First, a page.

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    A swan brought traffic to a standstill at Springfield Road in Chelmsford this morning after refusing to move from the centre of the road.

    The white bird was spotted by Sarah Roberts, who tweeted: " random swan in the road, refusing to move."

    Essex Police and the RSCPA were called and the bird was eventually removed from the road, with onlookers saying it remained there for around one hour.

    It is believed it was taken to Hylands Park.

    It is not uncommon for swans to land busy roads according to the Royal Society for the Protection of Birds (RSPB), who state: "It is thought that thermals and wind turbulence over roads may knock the swans off balance and bring them down onto road surfaces.

    "They need a long run before taking flight, and may be unable to take off if there is insufficient space."

    Swan stops traffic at Springfield Road Chelmsford


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    A bike worth nearly £1,000 has been stolen from a home in Chelmsford.

    Thieves broke into a property on Lime Walk taking a Cooper Zandervoor 2014 Hybrid bicycle between 10.30pm on Friday October 3 and 7am on October 4.

    The bicycle is gun metal with orange labels on the edge of its tyres.

    Police are looking for witnesses or anyone who saw anything suspicious in the area around that time. 

    Anyone with information is asked to contact Pc Dan Smith at Chelmsford Police Station on 101.

    Bike worth nearly £1,000 stolen in Chelmsford


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    A PENSIONER with leukaemia has been forced to spend almost £1,000 a week on care for her husband after he was turned down by seven state-funded care homes in the county.

    Barbara Harvey, 74, was left with no choice but to put her husband Derek, 77, in a home after his Alzheimer's left her unable to care for him at the family house they have lived in for more than 47 years.

    The couple will have been married for 57 years this week. But grandmother-of-five Mrs Harvey, who has been spending her savings on her husband's care, is running out of money to pay for fees at the privately-run Manor Lodge in Chelmsford, and is desperately searching for a local authority-funded care home to take him.

    "I have no idea what to do," Mrs Harvey said. "I have phoned the council but they haven't got back to me, my son has been calling all the care homes in Chelmsford. I've come to the end of my tether.

    "Manor Lodge is wonderful and the staff are fantastic, but I just can't afford to keep him in there. I am spending all my savings, and I have other bills to pay too."

    Seven care homes in the county have visited Manor Lodge to assess Mr Harvey but refused to take him – despite him being eligible for state-funded care.

    "They don't give reasons, they just turn him down," Mrs Harvey said. "But it has been suggested that he is too lively, and needs a lockup in case he wanders off. But these are supposed to be homes for people with Alzheimer's and dementia, so surely they are locked in at night anyway?"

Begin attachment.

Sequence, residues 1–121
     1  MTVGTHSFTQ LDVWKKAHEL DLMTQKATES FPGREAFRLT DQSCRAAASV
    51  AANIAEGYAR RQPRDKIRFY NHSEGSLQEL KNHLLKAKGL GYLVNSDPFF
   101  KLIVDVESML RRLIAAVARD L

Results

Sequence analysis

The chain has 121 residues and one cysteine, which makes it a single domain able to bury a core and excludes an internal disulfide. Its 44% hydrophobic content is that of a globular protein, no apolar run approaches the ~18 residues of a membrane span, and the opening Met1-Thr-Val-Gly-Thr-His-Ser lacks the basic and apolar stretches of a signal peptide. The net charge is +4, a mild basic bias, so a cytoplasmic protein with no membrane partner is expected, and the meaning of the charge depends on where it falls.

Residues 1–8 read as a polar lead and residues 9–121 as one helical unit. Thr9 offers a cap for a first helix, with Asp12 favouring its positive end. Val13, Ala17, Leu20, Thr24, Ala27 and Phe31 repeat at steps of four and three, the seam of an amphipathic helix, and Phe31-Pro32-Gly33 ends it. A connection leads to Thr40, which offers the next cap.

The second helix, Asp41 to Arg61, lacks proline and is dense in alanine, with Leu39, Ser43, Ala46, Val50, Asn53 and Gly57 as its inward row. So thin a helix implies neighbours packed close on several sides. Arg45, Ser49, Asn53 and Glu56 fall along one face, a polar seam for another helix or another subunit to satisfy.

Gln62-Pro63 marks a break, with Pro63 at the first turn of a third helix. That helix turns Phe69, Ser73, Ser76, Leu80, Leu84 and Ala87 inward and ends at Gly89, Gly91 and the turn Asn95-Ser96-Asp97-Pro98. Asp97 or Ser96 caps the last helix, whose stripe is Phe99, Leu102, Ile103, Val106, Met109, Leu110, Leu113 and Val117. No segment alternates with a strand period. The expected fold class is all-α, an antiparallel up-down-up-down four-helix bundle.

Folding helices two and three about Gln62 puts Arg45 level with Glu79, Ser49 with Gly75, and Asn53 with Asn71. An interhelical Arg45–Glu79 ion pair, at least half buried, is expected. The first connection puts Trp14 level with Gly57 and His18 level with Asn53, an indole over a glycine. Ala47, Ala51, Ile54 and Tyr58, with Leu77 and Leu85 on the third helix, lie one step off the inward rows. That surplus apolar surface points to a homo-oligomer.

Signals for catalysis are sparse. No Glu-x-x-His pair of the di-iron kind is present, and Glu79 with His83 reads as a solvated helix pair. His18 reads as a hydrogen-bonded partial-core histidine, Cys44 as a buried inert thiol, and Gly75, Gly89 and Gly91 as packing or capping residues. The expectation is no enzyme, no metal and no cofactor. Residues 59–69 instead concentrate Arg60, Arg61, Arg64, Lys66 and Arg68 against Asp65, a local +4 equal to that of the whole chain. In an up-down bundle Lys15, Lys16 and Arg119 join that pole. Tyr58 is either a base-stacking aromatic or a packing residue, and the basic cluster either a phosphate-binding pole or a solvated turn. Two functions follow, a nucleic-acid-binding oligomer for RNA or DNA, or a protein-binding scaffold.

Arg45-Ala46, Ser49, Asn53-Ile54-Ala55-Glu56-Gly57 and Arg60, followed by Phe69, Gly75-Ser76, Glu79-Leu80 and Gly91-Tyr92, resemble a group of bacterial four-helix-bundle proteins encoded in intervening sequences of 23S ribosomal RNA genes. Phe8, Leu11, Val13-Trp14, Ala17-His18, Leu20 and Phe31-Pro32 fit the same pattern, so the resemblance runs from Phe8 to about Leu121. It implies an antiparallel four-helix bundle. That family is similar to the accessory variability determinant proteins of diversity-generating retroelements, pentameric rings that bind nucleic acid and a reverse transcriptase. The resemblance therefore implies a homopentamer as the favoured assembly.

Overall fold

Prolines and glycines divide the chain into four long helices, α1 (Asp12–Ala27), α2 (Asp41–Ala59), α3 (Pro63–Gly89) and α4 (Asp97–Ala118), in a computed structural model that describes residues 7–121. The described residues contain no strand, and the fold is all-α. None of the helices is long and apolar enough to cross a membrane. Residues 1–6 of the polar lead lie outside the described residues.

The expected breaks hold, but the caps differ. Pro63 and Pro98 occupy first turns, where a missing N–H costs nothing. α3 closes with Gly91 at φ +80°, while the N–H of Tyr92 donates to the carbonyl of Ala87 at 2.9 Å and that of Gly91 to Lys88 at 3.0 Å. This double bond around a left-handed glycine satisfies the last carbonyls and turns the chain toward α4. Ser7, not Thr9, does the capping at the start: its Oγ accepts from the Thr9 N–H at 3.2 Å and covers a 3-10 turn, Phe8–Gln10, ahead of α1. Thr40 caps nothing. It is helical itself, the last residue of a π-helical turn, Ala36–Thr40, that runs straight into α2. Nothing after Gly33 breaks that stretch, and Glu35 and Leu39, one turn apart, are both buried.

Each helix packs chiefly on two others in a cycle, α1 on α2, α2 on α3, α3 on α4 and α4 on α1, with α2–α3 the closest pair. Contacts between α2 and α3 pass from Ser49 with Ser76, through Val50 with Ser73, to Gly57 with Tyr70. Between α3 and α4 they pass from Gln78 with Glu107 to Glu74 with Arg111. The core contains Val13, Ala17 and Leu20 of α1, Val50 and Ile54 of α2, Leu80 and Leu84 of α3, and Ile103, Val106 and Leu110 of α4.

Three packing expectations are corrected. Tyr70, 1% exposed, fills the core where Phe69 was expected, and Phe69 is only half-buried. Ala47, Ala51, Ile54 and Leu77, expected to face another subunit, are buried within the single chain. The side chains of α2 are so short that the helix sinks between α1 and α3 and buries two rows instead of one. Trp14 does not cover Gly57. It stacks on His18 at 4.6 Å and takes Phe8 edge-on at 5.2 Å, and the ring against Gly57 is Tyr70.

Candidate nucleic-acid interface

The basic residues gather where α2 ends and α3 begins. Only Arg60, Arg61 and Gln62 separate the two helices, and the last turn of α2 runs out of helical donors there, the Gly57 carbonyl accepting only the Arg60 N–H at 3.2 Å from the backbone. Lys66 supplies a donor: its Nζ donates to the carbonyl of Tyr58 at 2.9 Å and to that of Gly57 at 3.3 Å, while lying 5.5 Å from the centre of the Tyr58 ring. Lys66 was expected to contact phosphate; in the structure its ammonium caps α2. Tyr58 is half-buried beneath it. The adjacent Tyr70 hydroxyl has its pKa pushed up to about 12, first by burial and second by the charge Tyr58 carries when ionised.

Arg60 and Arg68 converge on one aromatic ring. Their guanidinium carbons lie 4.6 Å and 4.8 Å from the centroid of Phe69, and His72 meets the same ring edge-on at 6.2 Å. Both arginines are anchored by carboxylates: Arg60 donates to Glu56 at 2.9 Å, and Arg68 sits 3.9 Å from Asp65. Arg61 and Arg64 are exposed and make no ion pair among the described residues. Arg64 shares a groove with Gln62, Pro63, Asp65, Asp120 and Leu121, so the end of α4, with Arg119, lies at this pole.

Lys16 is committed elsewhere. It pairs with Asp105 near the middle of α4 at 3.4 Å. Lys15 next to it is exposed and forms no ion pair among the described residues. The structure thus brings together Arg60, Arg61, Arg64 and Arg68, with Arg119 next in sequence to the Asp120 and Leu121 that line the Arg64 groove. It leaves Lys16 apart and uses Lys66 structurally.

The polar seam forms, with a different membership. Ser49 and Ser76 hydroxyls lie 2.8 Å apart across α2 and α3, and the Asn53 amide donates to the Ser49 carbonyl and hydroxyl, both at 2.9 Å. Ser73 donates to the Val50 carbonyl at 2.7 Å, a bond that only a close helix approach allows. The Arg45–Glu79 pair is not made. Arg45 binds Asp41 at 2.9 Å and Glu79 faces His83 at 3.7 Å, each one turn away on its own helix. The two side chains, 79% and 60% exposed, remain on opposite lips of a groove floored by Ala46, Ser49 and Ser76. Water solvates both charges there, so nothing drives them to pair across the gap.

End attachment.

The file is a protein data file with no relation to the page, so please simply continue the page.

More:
Mr Harvey is one of around 1,304 people in Chelmsford and 20,000 people in Essex who suffer from dementia, according to recent statistics from the Alzheimer's Society. The latter figure is expected to rise to 35,000 by 2025.

    But Mrs Harvey has been told that all of the local authority-funded care homes in Chelmsford are full – posing questions about the level of care provided for dementia sufferers in the area.

    "Derek had Alzheimer's for 18 months, and then things took a turn for the worse," Mrs Harvey explained.

    "He tried to go into town in his pyjamas and had to be brought back by a friend of my son, who saw him at the bus stop. Then a few days later he became violent towards me and I had to call the police; that is when I had to get help and put him in a home."

    Despite having battled leukaemia for a number of years, Mrs Harvey initially attempted to care for her husband at home.

    But after he deteriorated, Mrs Harvey contacted the Amethyst Day Hospital, which helped to find his current place.

    Although she struggles to walk, and requires bi-weekly blood transfusions for her leukaemia, Mrs Harvey still visits her husband regularly, and said: "He still recognises me, he asks where I have been every time I go in.

    "He is very happy there, but we need more care homes in Chelmsford. There must be so many other people like me who are in the same position as I am."

    Devoted wife's dilemma after husband with dementia turned down by 7 state care homes


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    LIVES could be put at risk if a proposed development of 67 homes goes ahead, say residents living nearby.

    Linden Homes, along with six charities, has submitted a planning application to build the new homes off London Road, Maldon.

    The site is situated behind Leech Memorial Garden, which was left to the town in the wills of two sisters, Edna and Joan Leech, who died in a plane crash in 1974.

    Rosalind Oakley, 57, of Bower Gardens, who lives just yards from the proposed site, said: "Essex County Council (the highways authority) is trying to ride roughshod over the concerns of the residents by indicating that this site is acceptable for development – when it's not.

    "It beggars belief when the roads are dangerous. Will they wait until someone is killed or seriously injured?

    "In the winter the roads are not gritted here so it can lead to some very dangerous situations."

    Mrs Oakley, who represents the Leech Garden, Beacon Hill, Maldon Hall Farm and Cemetery Group, has launched a campaign against the development.

    "This is about standing up for the area you live in and proving we will not be bullied by anyone," she said.

    In particular, she is concerned at the extra traffic in close proximity to St Francis Primary School and All Saints Primary School.

    But residents are also uniting in opposition as they fear it will destroy the peace and quiet of the gardens nearby and impact the view of the location.

    "It's inappropriate for a place which has so much natural beauty," said Mrs Oakley.

    "I've seen a copy of the will which says the land should be left to the people of Maldon – we want to try to safeguard this land."

    Mrs Oakley's concerns were echoed by another resident who did not want to be named.

    He said: "The congestion in term times is unbelievable and the winter can be horrid.

    "It's a well-known trouble spot and anyone from the area will tell you the same thing."

    He applauded Maldon Town Council's objection to the application. In its submissions to Maldon District Council, it said the increased traffic flow would "be detriment to highway safety".

    It also cited the proximity of the schools and the "detrimental impact on a peaceful neighbouring green area of town in an unnecessary area of development".

    Maldon District Council could rule on the development later this month.

    Proposed development in London Road, Maldon, 'could be a danger to life'